Johnson actually met Mayor Meed Ward this past winter at the World Wildlife Fund/Carolinian Canada symposium on native plants and landscape restoration, at the Royal Ontario Museum in Toronto. Johnson recalls the mayor spoke passionately about the importance of restoring landscapes and species.

Johnson realizes, "A lot of people see naturalized gardens as landscapes that are neglected and 'let go,' and that neighbours are often concerned about a perceived impact on their own property values. I realize that the issues are complex and will require huge shifts in attitudes and practices.

But we are at a crossroads, facing multiple environmental crises - climate change, loss of habitats and species - and what we need now more than ever are landscapes of biodiversity and resilience. Yet cities such as Burlington are using vague and contradictory bylaws to enforce dominant but outdated and environmentally harmful aesthetic 'standards'. In at least two Ontario court cases over naturalized gardens, the courts have affirmed gardeners' constitutional right to naturalized gardens, subject only to safety and health considerations. Just because someone doesn't like the 'look' of these landscapes is not a good enough - or even legal - reason for cities to mandate conformity to a standard that contributes to the environmental mess we're in."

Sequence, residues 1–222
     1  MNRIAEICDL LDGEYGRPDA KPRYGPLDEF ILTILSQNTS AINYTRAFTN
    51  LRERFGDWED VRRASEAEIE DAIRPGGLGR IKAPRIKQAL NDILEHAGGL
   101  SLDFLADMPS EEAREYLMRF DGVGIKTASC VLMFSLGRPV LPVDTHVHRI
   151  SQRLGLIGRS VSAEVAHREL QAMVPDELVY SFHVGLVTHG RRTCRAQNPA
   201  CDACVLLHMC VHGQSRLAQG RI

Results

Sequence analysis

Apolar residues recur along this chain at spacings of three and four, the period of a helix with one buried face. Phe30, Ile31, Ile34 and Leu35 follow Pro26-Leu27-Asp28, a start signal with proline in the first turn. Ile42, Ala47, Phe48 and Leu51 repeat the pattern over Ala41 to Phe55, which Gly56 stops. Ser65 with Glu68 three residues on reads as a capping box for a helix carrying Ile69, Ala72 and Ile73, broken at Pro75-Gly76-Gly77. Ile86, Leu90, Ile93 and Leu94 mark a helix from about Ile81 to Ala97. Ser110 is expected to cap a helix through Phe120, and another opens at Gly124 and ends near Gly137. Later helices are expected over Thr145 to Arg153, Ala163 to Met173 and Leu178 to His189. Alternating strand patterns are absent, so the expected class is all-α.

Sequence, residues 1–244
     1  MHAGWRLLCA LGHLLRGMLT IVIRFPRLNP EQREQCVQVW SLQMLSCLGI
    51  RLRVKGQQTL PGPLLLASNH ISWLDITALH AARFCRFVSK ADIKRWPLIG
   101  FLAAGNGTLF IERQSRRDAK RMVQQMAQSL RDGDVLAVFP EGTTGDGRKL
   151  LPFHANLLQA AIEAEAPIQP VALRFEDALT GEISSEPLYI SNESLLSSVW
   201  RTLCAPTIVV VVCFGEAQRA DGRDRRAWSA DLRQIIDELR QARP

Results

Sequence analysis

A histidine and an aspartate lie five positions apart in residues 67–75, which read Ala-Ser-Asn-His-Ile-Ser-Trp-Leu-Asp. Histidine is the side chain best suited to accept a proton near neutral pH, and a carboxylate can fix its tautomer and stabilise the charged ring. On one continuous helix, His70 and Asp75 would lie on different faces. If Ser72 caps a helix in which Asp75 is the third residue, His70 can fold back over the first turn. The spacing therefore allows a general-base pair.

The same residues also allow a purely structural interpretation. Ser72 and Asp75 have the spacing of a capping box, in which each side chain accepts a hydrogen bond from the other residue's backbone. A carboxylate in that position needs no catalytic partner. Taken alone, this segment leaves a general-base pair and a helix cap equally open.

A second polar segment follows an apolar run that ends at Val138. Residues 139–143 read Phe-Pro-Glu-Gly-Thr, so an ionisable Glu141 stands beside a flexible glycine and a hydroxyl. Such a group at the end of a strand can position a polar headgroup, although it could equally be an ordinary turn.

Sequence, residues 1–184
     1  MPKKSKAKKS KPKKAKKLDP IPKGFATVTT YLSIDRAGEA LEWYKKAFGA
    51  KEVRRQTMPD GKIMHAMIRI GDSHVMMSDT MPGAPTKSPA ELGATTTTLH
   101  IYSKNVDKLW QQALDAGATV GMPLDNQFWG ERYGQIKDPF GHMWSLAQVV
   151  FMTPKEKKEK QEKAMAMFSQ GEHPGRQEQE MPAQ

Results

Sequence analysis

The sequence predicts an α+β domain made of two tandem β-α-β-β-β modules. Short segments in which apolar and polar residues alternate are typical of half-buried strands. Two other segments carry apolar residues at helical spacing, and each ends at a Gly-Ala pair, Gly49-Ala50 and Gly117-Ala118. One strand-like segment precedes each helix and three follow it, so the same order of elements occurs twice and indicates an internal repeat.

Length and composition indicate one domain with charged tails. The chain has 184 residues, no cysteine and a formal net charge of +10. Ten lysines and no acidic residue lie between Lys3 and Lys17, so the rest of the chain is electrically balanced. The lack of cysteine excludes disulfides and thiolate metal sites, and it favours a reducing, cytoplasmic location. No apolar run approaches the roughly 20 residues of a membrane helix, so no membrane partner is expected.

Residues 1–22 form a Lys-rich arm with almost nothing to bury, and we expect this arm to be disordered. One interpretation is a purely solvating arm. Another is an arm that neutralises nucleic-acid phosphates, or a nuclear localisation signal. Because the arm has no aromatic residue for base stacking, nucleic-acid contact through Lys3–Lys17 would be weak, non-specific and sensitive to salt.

Johnson has been involved in these issues for three decades and has been helping to draft policies related to natural gardens, including pollinator gardens, in Toronto. She very kindly offered in her letter to speak further with representatives from the City to, "...find a way to enact positive and enabling policies promoting naturalized gardens and to help educate the public about their crucial value and importance."

Once you read the response issued by the Office of the Mayor, you'll understand the bewilderment and frustration experienced by Bour, Johnson, myself and the many others who received the same emailed answer:

Thank you for your email regarding naturalized lawns in the City. In order for the City to do our part in efforts to protect species and help our environment, the City made changes in 2018 to our Lot Maintenance By-Law to allow for naturalized lawns. Our Lot Maintenance By-Law can be found here. The By-Law spells out the types of grass, weeds and plants that are permitted as per the Provinces Weed Control Act, R.S.O. 1990, c. W.5, as amended, on properties.